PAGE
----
RHO HER (Rho Herculis). Not one, not two, but probably three, and maybe even four! No question about the two however, as Rho Herculis (just off the northeast corner of the "Keystone" of Hercules, the greatest of Greek mythical heroes) is an attractive fourth magnitude (4.15) double star with two rather similar components separated by an easily resolvable (through the telescope) four seconds of arc. The brighter (just barely at fifth magnitude, 4.56), Rho Her A, is a class B (again just barely, B9.5) giant, while Rho Her B, a class A (A0) dwarf, comes in close to sixth magnitude (5.42). (Careful here: like Kappa Cancri, Rho Her A is the class B star, while Rho Her B is the class A star; isn't astronomy fun?). Though both are really white, juxtaposition enhances, even creates color: Admiral Smythe's 19th century "A Cycle of Celestial Objects" refers to the brighter as "bluish white," the fainter as "pale emerald." There seem to be no actual temperature measures, so we adopt 10,500 and 10,000 for "A" and "B" from their classes. These (needed to account for some ultraviolet light) and a distance of 402 light years yield respective luminosities of 251 and 103 times that of the Sun, radii of 4.8 and 3.4 solar, and masses of 3.2 and 2.9 solar. These in turn show that Rho Her A is not yet a true giant, but more likely a subgiant that has just run out of hydrogen fuel in its nuclear-burning core, the age of the star (and system) about 300 million years. The pair are distinguished more by their rotations. Among such stars, the hotter is usually the faster. But again like Kappa Cnc, while Rho Her A (remember, the class B star) spins at its equator with at a modest 73 kilometers per second (a lower limit), Rho Her A madly rotates at 291 km/s, giving them respective rotation periods of less than 3.3 and 0.6 days. The slower spin of Rho Her A has apparently allowed some diffusion of elements, making it into a "silicon star," while the faster spin of Rho Her B keeps things stirred up. Rho Her A may have a very close companion (called Aa) about which nothing is known, while off in the distance (nearly two minutes of arc away) lies 13th magnitude Rho Her C, which seems to be tracking the bright pair. At that distance it would have to be a class K dwarf with a mass of perhaps 0.6 Suns. Rho Her A and B are separated by at least 500 Astronomical Units, so (ignoring Aa) it must take them at least 4600 years to orbit. If Rho Her C is a true companion, it's at least 14,700 AU distant and takes a good 700,000 years to make a full turn. From Rho Her A or B, C would appear about as bright as our Jupiter, while from C, A and B would rival full and gibbous Moons separated by up to a couple degrees.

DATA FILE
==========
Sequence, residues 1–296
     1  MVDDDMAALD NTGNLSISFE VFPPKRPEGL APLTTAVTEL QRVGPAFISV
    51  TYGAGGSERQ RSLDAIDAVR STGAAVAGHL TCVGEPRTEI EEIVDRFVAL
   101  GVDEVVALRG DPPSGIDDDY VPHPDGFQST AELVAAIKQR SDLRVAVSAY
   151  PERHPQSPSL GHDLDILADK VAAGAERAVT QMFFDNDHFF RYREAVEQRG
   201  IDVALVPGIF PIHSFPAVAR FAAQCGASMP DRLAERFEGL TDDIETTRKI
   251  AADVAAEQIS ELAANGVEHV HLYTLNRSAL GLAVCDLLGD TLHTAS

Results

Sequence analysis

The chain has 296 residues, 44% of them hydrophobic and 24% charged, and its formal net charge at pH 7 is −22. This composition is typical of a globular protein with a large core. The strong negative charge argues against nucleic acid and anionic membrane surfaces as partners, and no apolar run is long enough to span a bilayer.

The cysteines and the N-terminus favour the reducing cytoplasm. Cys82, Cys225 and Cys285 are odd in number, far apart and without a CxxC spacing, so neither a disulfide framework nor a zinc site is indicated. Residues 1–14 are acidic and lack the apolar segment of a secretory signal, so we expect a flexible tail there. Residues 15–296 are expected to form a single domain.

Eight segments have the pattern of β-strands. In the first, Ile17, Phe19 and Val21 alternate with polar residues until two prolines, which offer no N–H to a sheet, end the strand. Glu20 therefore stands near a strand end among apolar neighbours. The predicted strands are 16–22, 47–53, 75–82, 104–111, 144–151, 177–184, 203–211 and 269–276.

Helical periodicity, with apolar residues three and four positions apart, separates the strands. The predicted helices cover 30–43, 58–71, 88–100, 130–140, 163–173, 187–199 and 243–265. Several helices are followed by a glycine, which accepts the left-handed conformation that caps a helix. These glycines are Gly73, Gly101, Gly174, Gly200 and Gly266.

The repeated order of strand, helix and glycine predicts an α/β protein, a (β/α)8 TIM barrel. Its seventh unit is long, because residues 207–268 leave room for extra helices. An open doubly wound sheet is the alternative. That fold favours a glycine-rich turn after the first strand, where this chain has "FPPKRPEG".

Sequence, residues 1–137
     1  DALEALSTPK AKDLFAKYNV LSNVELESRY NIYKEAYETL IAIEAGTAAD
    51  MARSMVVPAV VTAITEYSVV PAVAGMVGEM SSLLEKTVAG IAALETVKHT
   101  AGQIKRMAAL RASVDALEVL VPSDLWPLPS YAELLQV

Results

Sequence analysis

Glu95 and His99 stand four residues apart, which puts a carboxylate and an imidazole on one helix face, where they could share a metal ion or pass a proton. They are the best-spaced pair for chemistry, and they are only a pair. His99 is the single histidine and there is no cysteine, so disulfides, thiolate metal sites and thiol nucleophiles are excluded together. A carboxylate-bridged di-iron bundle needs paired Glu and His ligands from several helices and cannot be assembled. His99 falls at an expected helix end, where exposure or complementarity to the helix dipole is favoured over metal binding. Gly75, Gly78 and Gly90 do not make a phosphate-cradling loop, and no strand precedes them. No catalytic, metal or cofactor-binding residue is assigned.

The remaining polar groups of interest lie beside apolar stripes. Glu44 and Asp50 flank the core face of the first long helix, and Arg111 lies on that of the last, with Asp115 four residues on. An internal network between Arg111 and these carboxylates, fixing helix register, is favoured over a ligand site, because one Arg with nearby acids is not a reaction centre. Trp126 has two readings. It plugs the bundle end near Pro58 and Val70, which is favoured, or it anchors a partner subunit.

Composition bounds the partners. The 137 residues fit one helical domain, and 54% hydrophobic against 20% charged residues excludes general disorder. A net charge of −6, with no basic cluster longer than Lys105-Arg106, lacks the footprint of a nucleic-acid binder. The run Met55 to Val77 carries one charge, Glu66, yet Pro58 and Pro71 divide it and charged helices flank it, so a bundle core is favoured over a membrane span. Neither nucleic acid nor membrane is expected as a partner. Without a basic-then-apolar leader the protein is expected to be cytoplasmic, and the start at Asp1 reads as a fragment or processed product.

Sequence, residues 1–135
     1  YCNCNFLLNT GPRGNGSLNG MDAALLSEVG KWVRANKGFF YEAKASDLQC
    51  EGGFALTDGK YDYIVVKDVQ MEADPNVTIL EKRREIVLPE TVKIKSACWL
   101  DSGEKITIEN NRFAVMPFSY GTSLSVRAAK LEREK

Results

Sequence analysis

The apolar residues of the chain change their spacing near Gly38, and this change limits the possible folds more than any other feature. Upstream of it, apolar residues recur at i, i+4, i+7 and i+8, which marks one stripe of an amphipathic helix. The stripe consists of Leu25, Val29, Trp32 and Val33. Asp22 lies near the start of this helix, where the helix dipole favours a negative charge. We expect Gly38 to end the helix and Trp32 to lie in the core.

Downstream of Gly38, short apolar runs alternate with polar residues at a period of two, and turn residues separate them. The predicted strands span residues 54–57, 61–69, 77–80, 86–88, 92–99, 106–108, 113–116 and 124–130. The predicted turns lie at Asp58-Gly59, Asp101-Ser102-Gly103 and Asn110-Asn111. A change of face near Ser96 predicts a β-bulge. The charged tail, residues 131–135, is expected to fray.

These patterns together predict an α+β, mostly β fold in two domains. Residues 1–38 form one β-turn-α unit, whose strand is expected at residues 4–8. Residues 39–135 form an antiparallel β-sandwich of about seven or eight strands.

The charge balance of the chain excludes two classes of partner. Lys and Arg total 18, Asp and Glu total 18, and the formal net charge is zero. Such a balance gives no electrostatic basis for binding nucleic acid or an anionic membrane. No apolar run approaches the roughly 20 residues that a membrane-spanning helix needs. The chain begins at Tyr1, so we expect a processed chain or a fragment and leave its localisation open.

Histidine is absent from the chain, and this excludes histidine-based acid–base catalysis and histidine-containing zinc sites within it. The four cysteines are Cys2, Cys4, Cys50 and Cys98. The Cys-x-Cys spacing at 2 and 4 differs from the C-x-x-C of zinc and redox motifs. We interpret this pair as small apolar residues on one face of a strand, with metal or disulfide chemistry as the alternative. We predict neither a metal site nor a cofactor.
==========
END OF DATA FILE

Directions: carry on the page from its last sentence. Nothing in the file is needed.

Written by Jim Kaler 5/25/07. Return to STARS.